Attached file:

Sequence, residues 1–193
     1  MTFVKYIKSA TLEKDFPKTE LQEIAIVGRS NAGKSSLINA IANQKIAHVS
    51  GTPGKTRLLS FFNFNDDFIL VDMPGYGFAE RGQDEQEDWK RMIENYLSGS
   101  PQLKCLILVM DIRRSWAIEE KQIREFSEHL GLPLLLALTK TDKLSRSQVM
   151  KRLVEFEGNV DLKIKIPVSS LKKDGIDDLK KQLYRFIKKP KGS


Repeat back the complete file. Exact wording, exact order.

Sequence, residues 1–193
     1  MTFVKYIKSA TLEKDFPKTE LQEIAIVGRS NAGKSSLINA IANQKIAHVS
    51  GTPGKTRLLS FFNFNDDFIL VDMPGYGFAE RGQDEQEDWK RMIENYLSGS
   101  PQLKCLILVM DIRRSWAIEE KQIREFSEHL GLPLLLALTK TDKLSRSQVM
   151  KRLVEFEGNV DLKIKIPVSS LKKDGIDDLK KQLYRFIKKP KGS